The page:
Silver will tarnish quicker than most metals. Silver is mixed with copper during the smithing process and copper oxidizes over time when it's exposed to air, leaving your jewelry looking dull, brassy and tarnished.
See my sad Christmas acorn? He's been hanging around since last Christmas season. The chain has turned brassy and tarnish is appearing between the links.
So what's a girl to do?!
Fortunately you can bring your silver plated jewelry back to life using some common household items. Use this ONLY for silver plated jewelry, not sterling silver or rhodium plated jewelry. I'll detail how to polish those in another post.
Ok two steps, ready?
You'll need the following:
- Baking soda (Because really, baking soda is the solution to all the world's problems.)
- Old toothbrush
- Shallow dish
Take about a tablespoon of baking soda (per jewelry piece) and mix it with just enough water to create a thick paste.
It should be a little wetter than the consistency of frosting.
Take the toothbrush and gently coat the piece of jewelry in the paste. Use the bristles to work the paste into all the nooks and crannies. Make sure to leave out any parts of the jewelry that should not be coated (anything not metal, especially anything glued - and in this case I made sure to keep my acorn clear).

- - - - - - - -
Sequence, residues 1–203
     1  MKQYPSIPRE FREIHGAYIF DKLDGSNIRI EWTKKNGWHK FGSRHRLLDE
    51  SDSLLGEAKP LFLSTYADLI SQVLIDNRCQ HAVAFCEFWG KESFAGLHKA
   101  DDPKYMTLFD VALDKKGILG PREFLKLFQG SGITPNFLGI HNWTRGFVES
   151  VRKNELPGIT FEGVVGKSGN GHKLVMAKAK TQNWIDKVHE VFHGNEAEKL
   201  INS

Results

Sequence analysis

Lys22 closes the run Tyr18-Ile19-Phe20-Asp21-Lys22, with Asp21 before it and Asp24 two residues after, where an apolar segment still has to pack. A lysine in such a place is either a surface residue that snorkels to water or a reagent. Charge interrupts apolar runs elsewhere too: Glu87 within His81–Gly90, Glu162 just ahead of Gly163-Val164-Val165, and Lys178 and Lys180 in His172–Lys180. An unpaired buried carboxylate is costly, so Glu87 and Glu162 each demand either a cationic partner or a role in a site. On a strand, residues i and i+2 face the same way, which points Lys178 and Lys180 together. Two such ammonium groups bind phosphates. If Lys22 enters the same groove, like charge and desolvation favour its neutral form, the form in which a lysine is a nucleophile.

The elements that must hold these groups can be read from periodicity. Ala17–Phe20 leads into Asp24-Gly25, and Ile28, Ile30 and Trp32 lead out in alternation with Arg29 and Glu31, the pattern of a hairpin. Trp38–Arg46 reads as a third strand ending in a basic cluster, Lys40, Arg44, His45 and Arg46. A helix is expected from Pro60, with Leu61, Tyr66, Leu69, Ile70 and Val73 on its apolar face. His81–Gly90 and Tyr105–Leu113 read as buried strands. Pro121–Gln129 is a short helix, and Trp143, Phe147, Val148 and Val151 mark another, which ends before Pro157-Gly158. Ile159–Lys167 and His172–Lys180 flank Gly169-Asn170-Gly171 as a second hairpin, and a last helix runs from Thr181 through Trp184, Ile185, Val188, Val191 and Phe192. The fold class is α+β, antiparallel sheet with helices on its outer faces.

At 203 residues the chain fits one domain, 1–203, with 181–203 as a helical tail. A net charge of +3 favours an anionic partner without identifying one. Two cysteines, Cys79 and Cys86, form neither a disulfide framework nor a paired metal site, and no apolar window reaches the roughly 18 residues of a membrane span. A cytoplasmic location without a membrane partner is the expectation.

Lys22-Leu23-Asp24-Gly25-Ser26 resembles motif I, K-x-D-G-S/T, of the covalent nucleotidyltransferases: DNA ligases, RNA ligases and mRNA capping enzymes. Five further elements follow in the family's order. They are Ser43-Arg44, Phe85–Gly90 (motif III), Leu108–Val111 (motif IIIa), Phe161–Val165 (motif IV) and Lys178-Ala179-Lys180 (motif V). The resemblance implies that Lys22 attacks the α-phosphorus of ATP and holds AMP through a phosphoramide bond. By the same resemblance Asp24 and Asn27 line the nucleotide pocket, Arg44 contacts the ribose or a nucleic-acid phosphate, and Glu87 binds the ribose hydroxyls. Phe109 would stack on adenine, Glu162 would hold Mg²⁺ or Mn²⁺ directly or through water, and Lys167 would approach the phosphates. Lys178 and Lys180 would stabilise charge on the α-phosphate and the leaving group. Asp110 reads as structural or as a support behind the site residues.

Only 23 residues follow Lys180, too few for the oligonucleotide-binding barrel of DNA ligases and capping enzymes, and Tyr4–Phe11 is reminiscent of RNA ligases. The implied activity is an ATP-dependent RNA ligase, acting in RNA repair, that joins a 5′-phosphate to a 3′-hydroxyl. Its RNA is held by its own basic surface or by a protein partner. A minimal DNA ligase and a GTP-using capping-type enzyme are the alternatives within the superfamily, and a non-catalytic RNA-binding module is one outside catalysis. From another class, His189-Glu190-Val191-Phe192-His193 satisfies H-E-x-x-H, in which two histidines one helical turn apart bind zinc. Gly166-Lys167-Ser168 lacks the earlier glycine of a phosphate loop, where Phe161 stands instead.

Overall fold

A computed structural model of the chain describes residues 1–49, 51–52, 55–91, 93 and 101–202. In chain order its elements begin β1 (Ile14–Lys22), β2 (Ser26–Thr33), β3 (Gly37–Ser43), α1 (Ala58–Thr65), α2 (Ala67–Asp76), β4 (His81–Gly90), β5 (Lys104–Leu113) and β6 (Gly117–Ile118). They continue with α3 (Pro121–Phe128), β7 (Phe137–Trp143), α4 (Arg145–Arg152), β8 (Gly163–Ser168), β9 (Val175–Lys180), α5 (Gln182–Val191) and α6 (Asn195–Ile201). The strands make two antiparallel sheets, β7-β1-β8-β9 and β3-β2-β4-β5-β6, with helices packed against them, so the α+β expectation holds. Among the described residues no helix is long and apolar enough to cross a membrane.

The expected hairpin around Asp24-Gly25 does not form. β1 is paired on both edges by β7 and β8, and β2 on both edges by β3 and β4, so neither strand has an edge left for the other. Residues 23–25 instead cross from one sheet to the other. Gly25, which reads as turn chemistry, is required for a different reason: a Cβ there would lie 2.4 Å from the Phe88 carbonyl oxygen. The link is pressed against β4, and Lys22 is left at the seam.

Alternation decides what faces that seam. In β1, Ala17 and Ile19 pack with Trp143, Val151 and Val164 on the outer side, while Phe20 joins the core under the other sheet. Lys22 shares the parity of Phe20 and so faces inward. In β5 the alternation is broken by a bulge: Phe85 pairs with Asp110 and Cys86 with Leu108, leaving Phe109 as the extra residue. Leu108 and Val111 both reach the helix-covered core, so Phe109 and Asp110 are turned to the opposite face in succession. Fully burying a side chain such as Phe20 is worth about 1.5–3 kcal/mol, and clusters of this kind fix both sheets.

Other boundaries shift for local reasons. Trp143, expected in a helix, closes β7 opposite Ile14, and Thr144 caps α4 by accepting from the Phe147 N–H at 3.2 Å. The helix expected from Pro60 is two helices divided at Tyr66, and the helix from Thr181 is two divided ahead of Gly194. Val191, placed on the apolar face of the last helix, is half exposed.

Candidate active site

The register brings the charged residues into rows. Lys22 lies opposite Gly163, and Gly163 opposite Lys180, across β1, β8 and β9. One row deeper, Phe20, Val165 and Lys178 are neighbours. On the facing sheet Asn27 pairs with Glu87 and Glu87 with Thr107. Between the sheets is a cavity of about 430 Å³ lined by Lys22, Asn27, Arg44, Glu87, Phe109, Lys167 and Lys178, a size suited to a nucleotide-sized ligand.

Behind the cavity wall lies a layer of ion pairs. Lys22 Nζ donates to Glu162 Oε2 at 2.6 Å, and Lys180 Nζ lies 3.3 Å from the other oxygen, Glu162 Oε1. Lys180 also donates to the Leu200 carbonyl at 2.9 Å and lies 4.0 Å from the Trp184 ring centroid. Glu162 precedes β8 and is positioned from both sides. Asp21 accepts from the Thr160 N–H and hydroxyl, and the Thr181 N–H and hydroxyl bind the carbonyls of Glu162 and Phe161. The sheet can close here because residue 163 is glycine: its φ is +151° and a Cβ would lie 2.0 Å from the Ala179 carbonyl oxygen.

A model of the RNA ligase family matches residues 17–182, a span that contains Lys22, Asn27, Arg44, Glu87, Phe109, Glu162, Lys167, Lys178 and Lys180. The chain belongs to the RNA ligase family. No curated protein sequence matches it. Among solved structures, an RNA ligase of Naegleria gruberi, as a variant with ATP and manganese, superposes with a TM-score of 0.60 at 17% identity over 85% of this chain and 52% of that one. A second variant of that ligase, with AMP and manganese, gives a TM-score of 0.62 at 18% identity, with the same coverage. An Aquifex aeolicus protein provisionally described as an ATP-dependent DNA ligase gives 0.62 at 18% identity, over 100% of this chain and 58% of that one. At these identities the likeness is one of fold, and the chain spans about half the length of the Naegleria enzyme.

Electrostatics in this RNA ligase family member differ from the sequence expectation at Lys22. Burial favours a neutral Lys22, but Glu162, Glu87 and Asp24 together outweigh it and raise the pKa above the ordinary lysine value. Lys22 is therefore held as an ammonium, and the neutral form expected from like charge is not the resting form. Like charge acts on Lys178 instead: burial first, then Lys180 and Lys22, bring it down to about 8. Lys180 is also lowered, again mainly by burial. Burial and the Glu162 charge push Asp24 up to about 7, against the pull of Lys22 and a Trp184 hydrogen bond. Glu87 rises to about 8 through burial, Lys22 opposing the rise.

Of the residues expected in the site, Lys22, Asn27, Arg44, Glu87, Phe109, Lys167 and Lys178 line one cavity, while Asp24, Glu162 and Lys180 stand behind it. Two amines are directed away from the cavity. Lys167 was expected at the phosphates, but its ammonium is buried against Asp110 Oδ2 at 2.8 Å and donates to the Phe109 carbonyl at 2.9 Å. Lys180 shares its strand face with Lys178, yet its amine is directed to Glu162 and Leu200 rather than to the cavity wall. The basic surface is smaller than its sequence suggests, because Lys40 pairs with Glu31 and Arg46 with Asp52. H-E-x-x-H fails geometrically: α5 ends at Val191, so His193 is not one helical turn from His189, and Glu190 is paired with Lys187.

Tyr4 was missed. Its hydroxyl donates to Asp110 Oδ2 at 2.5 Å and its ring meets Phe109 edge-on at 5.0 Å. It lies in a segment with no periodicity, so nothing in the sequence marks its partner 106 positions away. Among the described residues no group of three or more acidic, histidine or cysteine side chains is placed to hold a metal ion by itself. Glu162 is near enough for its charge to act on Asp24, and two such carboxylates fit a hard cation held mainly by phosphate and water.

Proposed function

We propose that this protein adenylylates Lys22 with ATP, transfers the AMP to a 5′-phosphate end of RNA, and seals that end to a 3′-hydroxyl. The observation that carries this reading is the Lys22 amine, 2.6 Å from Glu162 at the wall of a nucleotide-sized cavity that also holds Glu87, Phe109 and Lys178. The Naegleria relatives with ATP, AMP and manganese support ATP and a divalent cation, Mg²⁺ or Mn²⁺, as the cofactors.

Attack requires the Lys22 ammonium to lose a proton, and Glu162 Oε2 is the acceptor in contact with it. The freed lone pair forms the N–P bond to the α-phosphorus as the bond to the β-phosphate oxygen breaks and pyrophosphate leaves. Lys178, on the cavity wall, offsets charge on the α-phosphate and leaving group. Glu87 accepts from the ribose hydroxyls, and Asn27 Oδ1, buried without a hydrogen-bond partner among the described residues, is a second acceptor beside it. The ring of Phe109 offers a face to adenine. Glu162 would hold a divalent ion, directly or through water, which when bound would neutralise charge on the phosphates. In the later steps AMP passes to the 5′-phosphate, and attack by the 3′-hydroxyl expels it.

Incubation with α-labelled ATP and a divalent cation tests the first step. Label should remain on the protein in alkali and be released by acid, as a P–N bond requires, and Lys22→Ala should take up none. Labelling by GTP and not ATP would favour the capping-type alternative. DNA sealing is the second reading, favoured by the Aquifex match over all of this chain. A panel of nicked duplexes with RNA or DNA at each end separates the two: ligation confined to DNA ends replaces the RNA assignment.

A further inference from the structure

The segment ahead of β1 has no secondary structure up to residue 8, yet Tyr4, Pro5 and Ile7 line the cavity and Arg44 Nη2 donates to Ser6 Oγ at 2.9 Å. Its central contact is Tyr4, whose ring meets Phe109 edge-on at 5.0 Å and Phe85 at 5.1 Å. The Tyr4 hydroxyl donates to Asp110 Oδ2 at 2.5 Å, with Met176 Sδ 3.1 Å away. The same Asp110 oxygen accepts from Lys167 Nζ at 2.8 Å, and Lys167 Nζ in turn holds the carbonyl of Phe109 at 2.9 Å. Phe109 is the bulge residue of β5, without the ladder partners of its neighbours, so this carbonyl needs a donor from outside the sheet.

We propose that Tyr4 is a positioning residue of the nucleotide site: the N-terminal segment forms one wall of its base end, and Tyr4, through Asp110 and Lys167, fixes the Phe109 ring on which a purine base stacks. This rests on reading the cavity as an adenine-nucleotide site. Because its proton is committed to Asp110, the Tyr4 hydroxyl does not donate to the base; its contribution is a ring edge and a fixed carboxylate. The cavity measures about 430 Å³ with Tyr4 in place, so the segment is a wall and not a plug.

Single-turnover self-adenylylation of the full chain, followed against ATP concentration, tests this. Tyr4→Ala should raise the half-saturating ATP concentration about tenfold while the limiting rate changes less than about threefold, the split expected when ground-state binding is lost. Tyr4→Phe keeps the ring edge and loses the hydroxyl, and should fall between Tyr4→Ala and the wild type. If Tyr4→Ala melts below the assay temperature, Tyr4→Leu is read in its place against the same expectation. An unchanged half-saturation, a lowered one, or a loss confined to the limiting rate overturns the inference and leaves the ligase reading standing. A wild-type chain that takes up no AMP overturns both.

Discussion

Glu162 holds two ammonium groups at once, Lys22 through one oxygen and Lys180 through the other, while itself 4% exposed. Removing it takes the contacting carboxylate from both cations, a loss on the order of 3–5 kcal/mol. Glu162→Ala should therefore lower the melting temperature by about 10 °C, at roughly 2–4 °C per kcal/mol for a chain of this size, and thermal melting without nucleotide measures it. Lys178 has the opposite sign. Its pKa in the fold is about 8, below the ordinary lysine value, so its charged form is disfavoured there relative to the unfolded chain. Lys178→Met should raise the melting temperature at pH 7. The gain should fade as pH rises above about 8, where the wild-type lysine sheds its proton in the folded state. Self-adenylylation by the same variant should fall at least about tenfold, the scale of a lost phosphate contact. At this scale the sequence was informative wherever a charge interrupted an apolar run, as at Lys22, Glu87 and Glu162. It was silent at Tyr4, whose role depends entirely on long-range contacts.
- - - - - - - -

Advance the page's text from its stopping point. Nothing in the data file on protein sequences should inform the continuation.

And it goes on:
Let it sit for 1 hour.
After one hour, take the toothbrush and give the piece another gentle scrub. You'll probably see some of the baking soda has discolored as the tarnish is being removed. Rinse the piece in cold water and dry gently. Done!
Step 1 may be sufficient, but if you're still seeing some brassiness or tarnish, bring out the big guns.
You'll need the following:
Add hot tap water. Submerge the piece in the bath and cover it with the baking soda and salt. Again make sure to leave any parts that should not be submerged clear of the bath. (See my little acorn sticking out the side?)
Cover the bowl with the other piece of aluminum. Let it soak for 5 minutes. There will be some fun chemical reactions happening with the salt, soda and aluminum that will remove any remaining tarnish.
Remove the piece from the bath and rinse it with hot water. Gently buff it with a cloth - I recommend flannel for polishing cloth but you can also use terrycloth. And seriously I mean gently. Silver plate is silver plating over brass, so if you buff too hard you risk buffing the plating right off!
And voila!! Good as new!
Now to keep your silver plated jewelry from tarnishing so quickly in the future, store it in an air tight container. A small plastic baggie works great for this, or a plastic air tight container can work too.